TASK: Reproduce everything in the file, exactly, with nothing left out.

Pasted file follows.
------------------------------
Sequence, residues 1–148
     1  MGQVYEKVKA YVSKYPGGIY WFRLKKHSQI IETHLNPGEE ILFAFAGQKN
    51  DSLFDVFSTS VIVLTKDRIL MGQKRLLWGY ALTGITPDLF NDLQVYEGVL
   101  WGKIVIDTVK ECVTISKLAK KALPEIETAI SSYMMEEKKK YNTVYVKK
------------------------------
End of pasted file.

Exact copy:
Sequence, residues 1–148
     1  MGQVYEKVKA YVSKYPGGIY WFRLKKHSQI IETHLNPGEE ILFAFAGQKN
    51  DSLFDVFSTS VIVLTKDRIL MGQKRLLWGY ALTGITPDLF NDLQVYEGVL
   101  WGKIVIDTVK ECVTISKLAK KALPEIETAI SSYMMEEKKK YNTVYVKK